May 17 – 18    Starkville    MHEA


March 28 – 30   St. Charles   Missouri Homeschool Convention  (Great Homeschool Conventions)

April 5 – 6     Kansas City      Midwest Parent Educators Conference

June 7 – 8    Grandview     KC Catholic Homeschooler



March 8 – 9        NCHEA


New Hampshire

New Jersey

New Mexico

June 21 – 22    Albuquerque   CAPE

New York

August 1 – 3   Rochester   New York Homeschool Convention  (Great Homeschool Conventions)

North Carolina

May 30 – June 1    Winston Salem    THRIVE

North Dakota

February 28 – March 2     Jamestown    NDHSA


April 25 – 27   Cincinnati    Ohio Homeschool Convention  (Great Homeschool Conventions)

May 20 – 23   Sandusky    Unschoolers’ Waterpark Gathering

May 30 – June 1   Columbus   Columbus Homeschool Convention (Teach Them Diligently)

July 19   Cincinnati   Brave Learner Conference


May 3 – 4    Oklahoma City     OCHEC

May 31 – June 1    Tulsa    Tulsa Homeschool Expo


February 16     Lebanon   Mid-Valley Homeschool Conference

June 28 – 29    Albany   Oregon Christian Home Education Conference


April 15   Carlisle    PHAA

June 14 – 15    Lancaster    CHAP Convention

Rhode Island

South Carolina

March 21 – 23 Greenville  South Carolina Homeschool Convention  (Great Homeschool Conventions)

May 31 – June 1    North Charleston   Lowcountry Homeschool Convention

June 29   Columbia   REACH Homeschool Expo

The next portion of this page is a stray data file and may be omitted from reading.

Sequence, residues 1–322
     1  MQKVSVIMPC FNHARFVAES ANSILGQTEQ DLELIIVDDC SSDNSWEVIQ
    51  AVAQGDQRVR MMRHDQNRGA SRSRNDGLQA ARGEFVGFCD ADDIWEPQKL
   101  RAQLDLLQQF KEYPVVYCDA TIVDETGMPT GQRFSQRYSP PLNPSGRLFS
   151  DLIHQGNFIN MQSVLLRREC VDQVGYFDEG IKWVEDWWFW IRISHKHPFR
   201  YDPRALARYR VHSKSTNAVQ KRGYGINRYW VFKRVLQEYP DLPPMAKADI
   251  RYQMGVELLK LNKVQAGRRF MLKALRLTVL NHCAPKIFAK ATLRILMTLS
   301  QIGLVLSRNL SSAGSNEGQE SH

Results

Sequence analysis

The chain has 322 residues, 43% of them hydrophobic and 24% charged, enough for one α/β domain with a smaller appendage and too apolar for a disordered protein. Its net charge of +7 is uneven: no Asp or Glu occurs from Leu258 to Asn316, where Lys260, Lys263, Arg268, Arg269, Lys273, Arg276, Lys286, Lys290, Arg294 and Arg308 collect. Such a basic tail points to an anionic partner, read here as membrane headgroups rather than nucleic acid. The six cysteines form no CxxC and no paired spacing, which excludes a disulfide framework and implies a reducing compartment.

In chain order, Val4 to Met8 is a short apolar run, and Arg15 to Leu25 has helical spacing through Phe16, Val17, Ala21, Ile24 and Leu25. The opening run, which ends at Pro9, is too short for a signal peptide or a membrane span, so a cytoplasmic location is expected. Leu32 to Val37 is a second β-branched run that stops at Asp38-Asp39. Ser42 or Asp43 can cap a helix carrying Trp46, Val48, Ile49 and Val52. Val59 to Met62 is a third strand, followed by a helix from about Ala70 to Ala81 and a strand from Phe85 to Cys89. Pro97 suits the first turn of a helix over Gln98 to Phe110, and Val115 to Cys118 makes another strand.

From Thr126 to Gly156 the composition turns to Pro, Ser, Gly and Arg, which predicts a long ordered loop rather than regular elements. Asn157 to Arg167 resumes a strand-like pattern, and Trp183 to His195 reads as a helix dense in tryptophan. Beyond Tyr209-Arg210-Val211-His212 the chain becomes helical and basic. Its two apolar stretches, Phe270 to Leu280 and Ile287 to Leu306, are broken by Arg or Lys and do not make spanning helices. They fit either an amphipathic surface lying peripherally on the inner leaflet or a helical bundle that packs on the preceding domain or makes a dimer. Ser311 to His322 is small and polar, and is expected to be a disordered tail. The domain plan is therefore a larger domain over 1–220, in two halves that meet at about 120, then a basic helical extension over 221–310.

South Dakota

May 10 – 11   Sioux Falls    SECHE


March 28 – 30   Nashville  Nashville Homeschool Convention  (Teach Them Diligently)

July 19 – 20   East Ridge   Chattanooga Area Homeschooling


February 15 – 16    Frisco  Be Wild + Free

March 7 – 9  Fort Worth  Texas Homeschool Convention  (Great Homeschool Conventions)

April 11 – 13   Waco   Texas Homeschool Convention  (Teach Them Diligently)

May 9 – 11     Arlington   Arlington TX Homeschool Convention

May 30 – June 1    The Woodlands  THSC Convention


January 26    Layton    Winter Homeschool Conference

April 20 – 21   Cottonwood Heights   UTCH



March 22 – 23   Williamsburg   VaHomeschoolers Conference and Resource Fair

June 6 – 8   Richmond   HEAV Homeschool Convention


April 25 – 27    Redmond    Family Discipleship and Homeschooling Conference

May 30 – June 3     Vancouver    Life is Good Unschooling Conference

June 21 – 22    Tacoma   Washington Homeschool Organization

West Virginia


February 24 – 28    Lake Geneva    Unschoolers Platform


Tips on Choosing a Homeschool Conference

Some questions to consider include:

  • Are there any speakers that you really want to see?  (Research some of the ones you don’t know and you might locate a gem.)
  • Is there child care or an activity available?  If not, are children allowed in the presentations?
  • Will there be a vendor hall or used curriculum sale?  (You can usually get great deals here!)
  • Does the total price (tickets, transportation, and hotel) fit in your budget?